Those who have yet to be absorbed into the cult of Dane Cook fans will likely be left mystified as to his appeal upon viewing this tedious comics-on-tour reality show — a half-hour vanity project that proves HBO can not only be TV, but bad TV at that. A popular comic, Cook and a trio of his chums crisscross the country by bus, bonding and showcasing snippets of their stand-up acts. Any further resemblance between this and a series is purely coincidental.
HBO has made a substantial investment in Cook, signing him to a multifaceted deal that includes not just “Tourgasm” but also a concert film and plans for a scripted series. Those subsequent projects might showcase him in a more flattering light, but talk about putting a worst foot forward.
Credited as an executive producer and director on this maiden project, Cook fills the role of tour headliner, joined by other performers at various stages of their career. Along the way, they kill time riding horses, rough-housing and generally being obnoxious, while critiquing and occasionally trying to help with each other’s material.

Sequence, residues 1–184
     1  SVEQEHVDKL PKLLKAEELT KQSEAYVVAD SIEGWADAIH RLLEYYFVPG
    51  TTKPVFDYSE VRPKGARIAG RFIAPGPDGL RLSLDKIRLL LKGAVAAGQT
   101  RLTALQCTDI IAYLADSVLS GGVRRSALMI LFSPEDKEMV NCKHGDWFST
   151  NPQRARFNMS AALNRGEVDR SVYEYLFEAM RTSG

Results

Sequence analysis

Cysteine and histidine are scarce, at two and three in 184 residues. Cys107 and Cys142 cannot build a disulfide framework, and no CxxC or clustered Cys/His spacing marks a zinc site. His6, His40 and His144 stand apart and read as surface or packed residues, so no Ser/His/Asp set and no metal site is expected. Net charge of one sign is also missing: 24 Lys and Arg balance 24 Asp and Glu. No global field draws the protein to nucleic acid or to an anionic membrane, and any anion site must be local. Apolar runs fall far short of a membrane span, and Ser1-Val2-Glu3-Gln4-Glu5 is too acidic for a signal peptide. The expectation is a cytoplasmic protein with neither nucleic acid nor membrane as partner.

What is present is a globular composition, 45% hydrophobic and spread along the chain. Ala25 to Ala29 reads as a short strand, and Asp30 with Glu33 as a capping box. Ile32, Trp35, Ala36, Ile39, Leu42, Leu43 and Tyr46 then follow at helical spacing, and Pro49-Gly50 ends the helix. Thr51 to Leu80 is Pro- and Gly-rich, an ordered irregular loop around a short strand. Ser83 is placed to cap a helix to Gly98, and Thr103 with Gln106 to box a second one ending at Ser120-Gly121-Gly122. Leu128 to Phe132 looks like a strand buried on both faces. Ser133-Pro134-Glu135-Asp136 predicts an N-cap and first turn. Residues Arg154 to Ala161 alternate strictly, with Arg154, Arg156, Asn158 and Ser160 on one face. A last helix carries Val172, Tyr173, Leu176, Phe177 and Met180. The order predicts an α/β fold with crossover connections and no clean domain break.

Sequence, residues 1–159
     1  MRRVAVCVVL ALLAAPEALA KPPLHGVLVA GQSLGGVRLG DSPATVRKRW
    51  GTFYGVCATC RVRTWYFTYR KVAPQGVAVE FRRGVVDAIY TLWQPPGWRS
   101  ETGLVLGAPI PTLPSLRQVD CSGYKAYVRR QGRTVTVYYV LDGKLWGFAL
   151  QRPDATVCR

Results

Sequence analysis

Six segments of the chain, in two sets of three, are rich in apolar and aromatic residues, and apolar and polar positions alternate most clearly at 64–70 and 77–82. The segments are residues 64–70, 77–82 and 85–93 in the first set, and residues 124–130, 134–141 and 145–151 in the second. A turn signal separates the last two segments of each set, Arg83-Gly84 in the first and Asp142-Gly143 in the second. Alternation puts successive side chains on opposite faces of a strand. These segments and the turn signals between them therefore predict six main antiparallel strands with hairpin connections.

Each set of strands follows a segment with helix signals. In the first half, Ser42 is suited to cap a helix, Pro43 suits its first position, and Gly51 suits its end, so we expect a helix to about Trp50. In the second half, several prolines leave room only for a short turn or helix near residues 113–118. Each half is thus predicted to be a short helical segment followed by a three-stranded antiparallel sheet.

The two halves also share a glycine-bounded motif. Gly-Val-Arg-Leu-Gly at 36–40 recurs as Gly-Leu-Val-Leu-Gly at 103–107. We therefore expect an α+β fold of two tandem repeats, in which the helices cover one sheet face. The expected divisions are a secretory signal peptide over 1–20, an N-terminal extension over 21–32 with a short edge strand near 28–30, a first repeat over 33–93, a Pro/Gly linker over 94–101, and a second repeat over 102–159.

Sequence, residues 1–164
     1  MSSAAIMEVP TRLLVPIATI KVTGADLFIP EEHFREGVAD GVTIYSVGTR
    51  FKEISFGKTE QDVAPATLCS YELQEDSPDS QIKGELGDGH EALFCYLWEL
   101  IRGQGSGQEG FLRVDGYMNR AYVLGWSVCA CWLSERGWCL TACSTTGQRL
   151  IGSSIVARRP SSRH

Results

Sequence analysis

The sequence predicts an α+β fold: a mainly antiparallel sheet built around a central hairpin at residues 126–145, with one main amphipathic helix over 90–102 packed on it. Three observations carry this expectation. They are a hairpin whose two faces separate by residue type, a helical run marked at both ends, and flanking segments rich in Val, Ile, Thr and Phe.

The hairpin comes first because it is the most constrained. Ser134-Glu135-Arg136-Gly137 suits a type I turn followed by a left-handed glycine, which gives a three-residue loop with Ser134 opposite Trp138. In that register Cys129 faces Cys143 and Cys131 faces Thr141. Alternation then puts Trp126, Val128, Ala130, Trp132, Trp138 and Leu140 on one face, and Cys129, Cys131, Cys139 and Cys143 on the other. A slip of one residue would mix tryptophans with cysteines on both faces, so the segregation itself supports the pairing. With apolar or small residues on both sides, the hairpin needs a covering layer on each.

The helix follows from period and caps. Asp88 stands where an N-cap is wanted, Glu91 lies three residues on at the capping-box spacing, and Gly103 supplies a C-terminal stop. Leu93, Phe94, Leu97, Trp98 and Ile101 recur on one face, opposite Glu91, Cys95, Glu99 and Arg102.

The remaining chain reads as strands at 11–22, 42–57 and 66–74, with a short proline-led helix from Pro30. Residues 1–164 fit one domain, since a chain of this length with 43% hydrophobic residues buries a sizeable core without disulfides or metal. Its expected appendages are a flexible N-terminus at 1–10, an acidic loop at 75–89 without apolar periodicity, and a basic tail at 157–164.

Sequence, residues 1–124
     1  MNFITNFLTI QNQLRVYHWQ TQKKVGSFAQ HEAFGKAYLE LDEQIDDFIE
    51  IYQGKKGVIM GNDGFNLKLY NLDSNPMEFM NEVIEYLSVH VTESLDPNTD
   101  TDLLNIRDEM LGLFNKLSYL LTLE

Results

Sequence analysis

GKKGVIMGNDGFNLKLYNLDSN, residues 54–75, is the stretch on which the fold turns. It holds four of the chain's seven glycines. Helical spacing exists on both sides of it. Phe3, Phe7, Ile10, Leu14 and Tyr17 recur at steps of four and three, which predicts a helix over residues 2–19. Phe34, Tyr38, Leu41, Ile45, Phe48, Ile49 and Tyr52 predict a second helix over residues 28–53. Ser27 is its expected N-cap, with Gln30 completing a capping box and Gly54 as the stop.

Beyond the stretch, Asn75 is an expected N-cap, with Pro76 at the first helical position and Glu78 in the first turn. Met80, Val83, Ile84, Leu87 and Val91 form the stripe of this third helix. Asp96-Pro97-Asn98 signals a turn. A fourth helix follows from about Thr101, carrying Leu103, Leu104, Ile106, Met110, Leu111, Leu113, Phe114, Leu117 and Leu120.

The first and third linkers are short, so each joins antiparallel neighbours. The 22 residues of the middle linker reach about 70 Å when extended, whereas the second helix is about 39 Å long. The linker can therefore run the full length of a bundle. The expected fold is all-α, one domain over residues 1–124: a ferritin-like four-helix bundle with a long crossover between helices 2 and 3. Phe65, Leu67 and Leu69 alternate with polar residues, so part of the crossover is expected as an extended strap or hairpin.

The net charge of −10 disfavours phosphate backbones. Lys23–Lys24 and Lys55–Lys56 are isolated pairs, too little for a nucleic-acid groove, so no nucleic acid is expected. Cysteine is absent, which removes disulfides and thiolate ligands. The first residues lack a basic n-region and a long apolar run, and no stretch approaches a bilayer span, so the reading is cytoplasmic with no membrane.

Cook is billed as “the leader,” a slightly more positive designation than those affixed to fellow comics Gary Gulman (“the conflicted”), Robert Kelly (“the instigator”) and Jay Davis (“the newbie”), the last being the only moniker that makes sense. That said, watching Davis butcher the same joke week after week begins to grow tiresome and a little painful.
If the idea was to capture the life of a traveling minstrel, the series itself is a disjointed mess, mixing montages, direct-to-camera interviews, candid footage of the boys trying to sleep and adoring fans lining up for autographs. Nor is there any sense of place as their rock group-style bus motors from town to town.
Any sympathy toward the participants, however, is obliterated by the fact that they are almost uniformly boring at best, and irritating at worst. Even the arguments and disputes that emerge have no clear foundation, essentially materializing out of thin air. And while the name sounds provocative, there’s not even a hint of sex (isn’t that half the reason people tour?) until Cook’s girlfriend arrives in episode three. Anyone for “Dane Cook’s Egomania,” perhaps?
HBO was doubtless looking for a quick-hit production to capitalize on the deal that the pay net inked with Cook in March — and a relatively low-risk one at that, scheduled to follow the comedy block of “Entourage” and “Lucky Louie.”
As for the comic himself, great success might await him with his myriad TV projects, but all he’s really done here is disprove an old adage — demonstrating that it’s possible for a single Cook to spoil the broth.